Vivian Maier: In Her Own Hands
Howard Greenberg Gallery
41 East 57th Street, Suite 1406
October 30th – December 6th, 2014
An exhibition of photographs by Vivian Maier dating from the mid-1950s to the mid-1970s will be on view at Howard Greenberg Gallery from October 30th – December 6th, 2014. Vivian Maier: In Her Own Hands will present more than 40 photographs, most exhibited for the first time. The exhibition coincides with the publication of a new book entitled Vivian Maier: A Photographer Found by John Maloof (Harper Design) with a scholarly essay by Marvin Heiferman. An opening reception will be held on Thursday, October 30th, from 6-8 p.m.
Vivian Maier: In Her Own Hands will present a series of Maier’s rare prints made throughout her lifetime. The exhibition will also include prints created this year, since the vast majority of Maier’s work was never printed. In addition, a selection of Maier’s black and white 35mm work will be printed and shown for the first time.
The story of Vivian Maier (1926-2009) has become a photography legend: Born in New York City, she spent much of her youth in France. Returning to the U.S. in 1951, she worked as a nanny in Chicago and New York for 40 years. Reclusive and eccentric, she took pictures all the time, yet rarely showed them to anyone. From the mid-1950s to the 1990s, with a Rolleiflex dangling from her neck, she made over 100,000 images, primarily of people and cityscapes. Her work, which appeared to be destined for obscurity, was discovered by Chicago-based realtor and historian John Maloof at an auction house in Chicago in 2007. Her negatives, previously housed in a storage locker, had been dispersed due to non-payment. Maier died before Maloof could contact her.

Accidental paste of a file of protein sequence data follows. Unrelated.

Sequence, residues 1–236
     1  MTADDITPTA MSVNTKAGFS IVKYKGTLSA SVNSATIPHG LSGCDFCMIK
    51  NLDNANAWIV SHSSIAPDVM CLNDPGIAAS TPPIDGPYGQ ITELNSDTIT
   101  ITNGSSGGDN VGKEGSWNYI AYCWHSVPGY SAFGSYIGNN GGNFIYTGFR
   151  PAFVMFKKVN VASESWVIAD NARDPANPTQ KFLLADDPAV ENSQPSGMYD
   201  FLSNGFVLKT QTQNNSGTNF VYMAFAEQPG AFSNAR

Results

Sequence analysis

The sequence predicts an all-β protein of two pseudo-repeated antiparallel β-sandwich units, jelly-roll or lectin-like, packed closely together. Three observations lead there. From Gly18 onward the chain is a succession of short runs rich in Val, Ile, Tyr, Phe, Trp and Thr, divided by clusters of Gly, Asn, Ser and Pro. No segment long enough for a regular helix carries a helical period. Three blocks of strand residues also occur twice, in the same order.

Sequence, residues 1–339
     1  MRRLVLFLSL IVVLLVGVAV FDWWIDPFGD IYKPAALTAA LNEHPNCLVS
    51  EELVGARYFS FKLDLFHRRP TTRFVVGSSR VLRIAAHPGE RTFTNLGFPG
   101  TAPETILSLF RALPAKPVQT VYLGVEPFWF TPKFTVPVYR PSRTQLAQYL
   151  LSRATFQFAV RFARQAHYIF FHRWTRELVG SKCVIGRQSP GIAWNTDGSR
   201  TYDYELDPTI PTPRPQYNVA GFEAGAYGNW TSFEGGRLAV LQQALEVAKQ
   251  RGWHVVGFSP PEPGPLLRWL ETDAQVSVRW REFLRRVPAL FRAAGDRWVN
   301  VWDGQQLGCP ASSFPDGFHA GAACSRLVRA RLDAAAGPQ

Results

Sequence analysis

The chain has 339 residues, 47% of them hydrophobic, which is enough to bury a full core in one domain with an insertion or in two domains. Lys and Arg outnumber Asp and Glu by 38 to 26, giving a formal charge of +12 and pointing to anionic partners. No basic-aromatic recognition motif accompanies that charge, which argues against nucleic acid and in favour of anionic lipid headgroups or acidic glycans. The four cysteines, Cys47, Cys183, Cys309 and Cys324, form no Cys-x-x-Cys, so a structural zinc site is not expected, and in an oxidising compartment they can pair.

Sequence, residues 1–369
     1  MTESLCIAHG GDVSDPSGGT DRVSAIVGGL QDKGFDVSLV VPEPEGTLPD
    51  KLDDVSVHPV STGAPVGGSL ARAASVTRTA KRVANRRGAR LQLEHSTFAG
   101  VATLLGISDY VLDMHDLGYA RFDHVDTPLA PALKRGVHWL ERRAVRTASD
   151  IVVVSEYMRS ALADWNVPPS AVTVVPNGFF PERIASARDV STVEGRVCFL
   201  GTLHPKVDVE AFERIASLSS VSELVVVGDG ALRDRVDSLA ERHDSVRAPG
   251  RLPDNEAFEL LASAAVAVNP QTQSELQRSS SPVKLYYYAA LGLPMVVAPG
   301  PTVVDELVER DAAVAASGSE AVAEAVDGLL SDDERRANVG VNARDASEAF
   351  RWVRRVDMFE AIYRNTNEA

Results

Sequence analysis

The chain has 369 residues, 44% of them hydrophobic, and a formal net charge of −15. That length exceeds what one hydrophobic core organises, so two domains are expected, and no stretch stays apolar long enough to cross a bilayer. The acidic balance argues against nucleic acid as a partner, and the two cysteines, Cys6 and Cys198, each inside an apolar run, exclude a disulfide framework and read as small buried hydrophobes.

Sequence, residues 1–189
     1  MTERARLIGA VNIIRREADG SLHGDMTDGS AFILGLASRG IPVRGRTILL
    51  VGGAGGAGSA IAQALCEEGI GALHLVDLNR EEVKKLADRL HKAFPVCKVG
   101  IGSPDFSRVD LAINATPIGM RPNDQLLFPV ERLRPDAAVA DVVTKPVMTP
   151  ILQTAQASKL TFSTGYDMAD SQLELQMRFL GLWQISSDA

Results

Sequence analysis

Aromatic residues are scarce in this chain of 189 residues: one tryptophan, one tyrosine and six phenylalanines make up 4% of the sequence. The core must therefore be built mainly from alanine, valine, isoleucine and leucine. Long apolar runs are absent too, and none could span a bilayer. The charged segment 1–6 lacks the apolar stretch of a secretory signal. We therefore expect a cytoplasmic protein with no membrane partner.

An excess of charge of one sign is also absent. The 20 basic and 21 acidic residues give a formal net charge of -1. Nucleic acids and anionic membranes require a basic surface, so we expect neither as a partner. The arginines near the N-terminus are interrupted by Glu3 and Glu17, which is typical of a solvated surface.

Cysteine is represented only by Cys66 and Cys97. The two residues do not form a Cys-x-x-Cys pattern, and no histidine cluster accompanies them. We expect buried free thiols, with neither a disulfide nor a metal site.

Since 2010, more than 25 exhibitions of photographs by Vivian Maier have been mounted in the U.S. and Europe. The shows have been met with critical acclaim; critics have written that her work will be remembered as some of the best 20th-century street photography.
Vivian Maier: In Her Own Hands examines how Maier finds photographic gold in what others throw away: the spines of a mutilated umbrella fanning out across city garbage can, a Playboy magazine sliced in half across the model’s torso, and an image of a crumpled newspaper from the 1970s lying in the grass with a headline asking “Where’s Hoffa?” Her portraits include a woman with an elaborate 1950s hairstyle, young boys waiting for a customer for their shoeshine business, and a beautiful, young Lena Horne from 1954.
Maier’s imagery, as Laura Lippman notes in the foreword of the book, “tells a story, but it probably doesn’t tell the same story to any two people. The faceless, humanless photos are as evocative as those in which her subjects make eye contact. A discarded high heel in front of a baby carriage, a coat rack, a shadow. But the faces. Oh, those faces. The children are easy to love, as are those portraits that exploit our nostalgia for long-ago decades that we persist in thinking of as simpler.”